Celebrity Scholars?


Bob’s account of the exchange between Frye and Wayne Booth (above) is a fascinating snapshot of an encounter between two great critics; a bit like the camera catching Tom Brady and Peyton Manning chatting before a game. And then I thought of the extent to which some critics had a kind of celebrity status, at least within the academic world, in the 1980s. One reviewer referred to Imre Salusinszky’s 1987 collection of interviews with various critics as the first hard-cover theory fan magazine, which did not do justice to an excellent book, but which probably did reflect the way that many of us read it (and looked at the photos).

Which made me wonder which critics, if any, have the same wide appeal today. Is literary studies too fragmented into subdisciplines and competing approaches for anyone to be able to have this authority now, or could another Anatomy of Criticism or Rhetoric of Fiction come along, another book that everyone has to read and discuss?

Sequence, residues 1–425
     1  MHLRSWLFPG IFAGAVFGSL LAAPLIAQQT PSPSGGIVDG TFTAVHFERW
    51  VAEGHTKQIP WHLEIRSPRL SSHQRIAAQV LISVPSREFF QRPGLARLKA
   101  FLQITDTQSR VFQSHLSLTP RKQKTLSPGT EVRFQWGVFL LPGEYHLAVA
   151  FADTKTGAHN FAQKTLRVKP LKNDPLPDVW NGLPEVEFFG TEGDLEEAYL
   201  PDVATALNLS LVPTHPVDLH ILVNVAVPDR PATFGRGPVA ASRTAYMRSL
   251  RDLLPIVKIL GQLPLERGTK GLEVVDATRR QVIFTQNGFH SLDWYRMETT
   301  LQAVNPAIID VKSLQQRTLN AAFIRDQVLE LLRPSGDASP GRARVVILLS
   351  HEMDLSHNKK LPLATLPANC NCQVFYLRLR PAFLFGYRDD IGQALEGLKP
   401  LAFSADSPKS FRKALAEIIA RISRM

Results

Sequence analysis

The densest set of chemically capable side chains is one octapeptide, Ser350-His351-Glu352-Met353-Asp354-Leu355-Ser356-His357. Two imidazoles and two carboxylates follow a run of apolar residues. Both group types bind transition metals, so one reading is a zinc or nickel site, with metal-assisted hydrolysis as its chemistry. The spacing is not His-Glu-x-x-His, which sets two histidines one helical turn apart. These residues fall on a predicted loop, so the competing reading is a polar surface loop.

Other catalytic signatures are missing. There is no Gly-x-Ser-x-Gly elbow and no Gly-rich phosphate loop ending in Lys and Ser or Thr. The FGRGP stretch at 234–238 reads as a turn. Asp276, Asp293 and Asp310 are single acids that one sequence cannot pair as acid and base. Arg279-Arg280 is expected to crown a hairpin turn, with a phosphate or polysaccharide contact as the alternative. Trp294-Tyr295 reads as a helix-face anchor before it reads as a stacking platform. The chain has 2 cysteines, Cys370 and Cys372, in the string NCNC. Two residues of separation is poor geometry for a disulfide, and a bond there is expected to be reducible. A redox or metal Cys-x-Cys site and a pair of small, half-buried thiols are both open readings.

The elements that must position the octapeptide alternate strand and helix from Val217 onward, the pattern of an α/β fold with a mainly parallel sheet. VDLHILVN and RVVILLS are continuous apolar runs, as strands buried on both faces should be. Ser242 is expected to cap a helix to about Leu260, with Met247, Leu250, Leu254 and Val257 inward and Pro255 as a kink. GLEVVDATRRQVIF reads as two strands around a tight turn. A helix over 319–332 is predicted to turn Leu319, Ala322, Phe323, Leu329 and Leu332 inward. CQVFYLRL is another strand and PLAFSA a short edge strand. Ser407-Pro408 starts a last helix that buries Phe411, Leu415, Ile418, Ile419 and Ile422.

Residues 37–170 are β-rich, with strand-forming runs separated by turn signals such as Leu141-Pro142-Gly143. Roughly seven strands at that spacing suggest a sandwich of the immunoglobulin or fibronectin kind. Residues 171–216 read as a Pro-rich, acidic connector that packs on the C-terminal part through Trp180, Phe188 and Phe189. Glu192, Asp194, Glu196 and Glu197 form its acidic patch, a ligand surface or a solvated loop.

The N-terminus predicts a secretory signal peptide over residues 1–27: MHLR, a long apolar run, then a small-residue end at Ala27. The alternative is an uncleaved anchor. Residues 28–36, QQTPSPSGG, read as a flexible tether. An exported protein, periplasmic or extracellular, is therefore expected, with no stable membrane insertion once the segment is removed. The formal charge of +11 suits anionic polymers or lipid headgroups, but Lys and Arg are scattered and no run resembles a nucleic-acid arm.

The late Edward Said was one such figure: Culture and Imperialism was published by a commercial press and must have sold widely, following on the immense influence of Orientalism. Terry Eagleton’s books also have a considerable profile.

I’d be very interested to hear what others think.

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One thought on “Celebrity Scholars?

  1. Peter StirFrye Yan

    Celebrity Critic: Your post reminded me of the last popular critic who had a bestseller on the NY Times List, Harold Bloom, the disciple of Frye, more akin to Judas than Peter. (Frye did say he disliked discipes, as one will betray you anyways.)

    The Invention of the Human and The Western Canon were huge and had great implications for literature and literary critics.

    I have been reading Terry Eagleton, and he is not my cup of tea. Not only did I feel he misrepresented Frye in his Literary Theory potboiler; he also took many riffs off of Frye. Read Frye’s Polemical Introduction in the Anatomy and compare it to Eagleton’s introduction of Literary Theory. Eagleton has similar outline, if not the arguments.

    I feel he made his critical mark, like other critics, by knocking Frye, in a classic David versus Goliath. I still think Eagleton and critics like him turned out to be the real Philistines.


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